Raw files or JPEG

This is the big question that puzzles every one in amateur circles!

Particularly if one listens to fellow club members who happened to be major prize winners in club and international competitions.

Now if one takes two paces back, to the good old film days, and you offered these members a choice of the three films shown below or possibly fall into two camps, but would all agree that the Lucky Film would not be their first choice.

Lucky film from China

They would go on to tell you why they used one of the other, two, how they exposed the film, who did the processing, and who they would not trust the processing, and if you press them, with the question, do you bracket your exposures they would probably all answer yes in certain circumstances.

Of course it is no longer necessary to bracket exposures when you shoot raw on digital.

Processing the image in Lightroom enables you to adjust almost every part of the image, enhance one particular colour, you can almost do anything which is probably why film users believe the digital is cheating! This is somewhat similar to the people that coated their own glass plates, thought of people that purchased ready-made glass plates in the early 1900's.

Now these former picky film uses have changed to digital, they are prepared to accept what I would call the Lucky image, commonly known as a JPEG.

No longer are they interested in the old days where they carefully researched the various film emulsions, they have forgotten all the careful research they did in the various laboratories to process their film and they are prepared to accept the electronic processing done by the small computer chip in their camera.

They'll give a weak excuses as to why they do this, like raw files take up much more space! This might have been a problem several years ago, but today storage space is very cheap.

Now a real believable scenario is what they would do in the old days, show you a transparency processed by lab A and a transparency process by lab B.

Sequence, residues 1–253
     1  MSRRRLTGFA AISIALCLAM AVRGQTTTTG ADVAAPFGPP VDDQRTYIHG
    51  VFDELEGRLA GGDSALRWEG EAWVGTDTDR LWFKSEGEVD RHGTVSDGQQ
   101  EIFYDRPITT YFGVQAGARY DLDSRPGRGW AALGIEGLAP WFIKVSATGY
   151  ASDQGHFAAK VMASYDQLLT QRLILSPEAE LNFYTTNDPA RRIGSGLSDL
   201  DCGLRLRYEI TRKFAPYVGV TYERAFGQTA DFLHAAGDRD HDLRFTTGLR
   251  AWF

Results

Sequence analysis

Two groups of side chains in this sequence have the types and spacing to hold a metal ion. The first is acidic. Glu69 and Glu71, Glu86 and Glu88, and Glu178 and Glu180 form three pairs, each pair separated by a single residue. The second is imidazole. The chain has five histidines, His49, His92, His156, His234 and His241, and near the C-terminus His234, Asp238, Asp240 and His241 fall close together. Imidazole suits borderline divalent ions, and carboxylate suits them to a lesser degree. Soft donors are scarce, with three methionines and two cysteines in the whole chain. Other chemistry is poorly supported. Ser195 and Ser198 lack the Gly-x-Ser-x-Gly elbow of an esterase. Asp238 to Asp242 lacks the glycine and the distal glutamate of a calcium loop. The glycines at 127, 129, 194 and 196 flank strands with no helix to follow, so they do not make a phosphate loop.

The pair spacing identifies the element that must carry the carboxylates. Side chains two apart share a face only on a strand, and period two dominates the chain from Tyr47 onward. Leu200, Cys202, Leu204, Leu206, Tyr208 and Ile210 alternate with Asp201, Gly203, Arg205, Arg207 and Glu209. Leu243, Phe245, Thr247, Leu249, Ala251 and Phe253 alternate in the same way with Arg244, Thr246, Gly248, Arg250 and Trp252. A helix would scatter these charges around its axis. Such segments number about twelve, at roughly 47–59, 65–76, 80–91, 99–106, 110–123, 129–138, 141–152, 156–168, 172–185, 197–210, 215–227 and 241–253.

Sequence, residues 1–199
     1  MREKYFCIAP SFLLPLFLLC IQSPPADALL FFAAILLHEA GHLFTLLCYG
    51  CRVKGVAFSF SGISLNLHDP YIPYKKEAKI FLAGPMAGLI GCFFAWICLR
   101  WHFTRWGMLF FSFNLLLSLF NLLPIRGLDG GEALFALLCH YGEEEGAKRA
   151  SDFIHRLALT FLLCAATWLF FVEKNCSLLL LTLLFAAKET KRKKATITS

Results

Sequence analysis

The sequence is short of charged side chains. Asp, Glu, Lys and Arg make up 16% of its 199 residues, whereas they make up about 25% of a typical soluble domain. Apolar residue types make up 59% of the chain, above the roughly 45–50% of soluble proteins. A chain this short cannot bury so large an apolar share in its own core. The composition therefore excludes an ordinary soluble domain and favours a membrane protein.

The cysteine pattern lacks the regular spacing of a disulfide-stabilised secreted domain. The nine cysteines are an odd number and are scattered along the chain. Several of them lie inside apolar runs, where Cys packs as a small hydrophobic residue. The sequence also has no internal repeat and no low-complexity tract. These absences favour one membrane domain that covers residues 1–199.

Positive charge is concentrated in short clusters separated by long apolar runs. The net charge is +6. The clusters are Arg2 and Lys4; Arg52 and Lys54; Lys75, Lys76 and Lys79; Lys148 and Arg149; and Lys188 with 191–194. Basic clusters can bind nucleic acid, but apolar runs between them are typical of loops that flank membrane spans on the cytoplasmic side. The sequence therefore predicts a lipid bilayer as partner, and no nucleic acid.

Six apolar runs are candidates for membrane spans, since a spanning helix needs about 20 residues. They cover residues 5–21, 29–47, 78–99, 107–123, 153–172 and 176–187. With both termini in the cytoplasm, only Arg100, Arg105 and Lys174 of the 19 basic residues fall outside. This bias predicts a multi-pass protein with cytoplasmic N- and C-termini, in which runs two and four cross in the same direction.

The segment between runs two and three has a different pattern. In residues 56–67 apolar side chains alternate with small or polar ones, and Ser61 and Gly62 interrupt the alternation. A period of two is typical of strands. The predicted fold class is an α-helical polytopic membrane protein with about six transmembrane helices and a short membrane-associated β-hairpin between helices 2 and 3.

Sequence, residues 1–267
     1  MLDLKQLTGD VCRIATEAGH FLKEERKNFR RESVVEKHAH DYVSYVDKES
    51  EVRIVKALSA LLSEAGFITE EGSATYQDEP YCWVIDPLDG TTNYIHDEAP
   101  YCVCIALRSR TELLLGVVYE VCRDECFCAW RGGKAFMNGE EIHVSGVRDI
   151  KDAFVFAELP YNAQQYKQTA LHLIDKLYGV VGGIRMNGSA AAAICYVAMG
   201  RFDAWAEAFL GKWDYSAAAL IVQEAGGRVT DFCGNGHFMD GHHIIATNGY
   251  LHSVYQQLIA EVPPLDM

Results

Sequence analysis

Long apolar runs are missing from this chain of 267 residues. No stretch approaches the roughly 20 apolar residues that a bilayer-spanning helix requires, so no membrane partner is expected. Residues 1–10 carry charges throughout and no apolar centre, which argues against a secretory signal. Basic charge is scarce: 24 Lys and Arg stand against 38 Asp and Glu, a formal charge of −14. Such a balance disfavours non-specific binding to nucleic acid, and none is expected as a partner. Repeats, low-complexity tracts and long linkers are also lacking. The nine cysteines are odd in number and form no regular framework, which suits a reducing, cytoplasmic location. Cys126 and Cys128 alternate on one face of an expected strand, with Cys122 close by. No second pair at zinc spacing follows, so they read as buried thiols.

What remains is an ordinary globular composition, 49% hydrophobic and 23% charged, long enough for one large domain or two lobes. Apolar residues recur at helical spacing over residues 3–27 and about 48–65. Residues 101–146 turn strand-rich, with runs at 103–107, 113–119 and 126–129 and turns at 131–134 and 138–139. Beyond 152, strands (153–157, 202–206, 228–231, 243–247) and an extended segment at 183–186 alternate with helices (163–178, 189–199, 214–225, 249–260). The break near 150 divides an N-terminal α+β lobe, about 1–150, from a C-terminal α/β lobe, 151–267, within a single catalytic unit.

Today they would become believable if they did two exposures at the one time of six variable scenes with variable lighting, one raw file and one JPEG, (you can do this on most of the better cameras) past the raw file onto one of the many experts in Lightroom and maximise the JPEG themselves and show the results that when they lecture or talk that the JPEG is good enough!

Sometimes I have heard serious amateurs quoting what their friend who is a "Professional Photographer" does to support their point of view.

Now as somebody that has owned the largest professional colour lab in New Zealand this sort of information does not impress me as of my 200 customers probably 5% really knew what they were talking about, which means 95% of my customers really didn't have a clue about the finer techniques of photography and relied on the lab to correct their mistakes. This 95% often included photographers with letters of qualification after their name.

I'm sure you will agree is not the fancy name the photographer gives himself, but what knowledge and technical expertise he has, as to the value of his comment.


Some interesting articles

Raw vis Jpeg a interesting article

How to use Lightroom to convert RAW

Sermon From A Raw Convert This article is a little out of date (2003), but this does not alter the valuable information contained on this page, I have added "up to date" comments in red.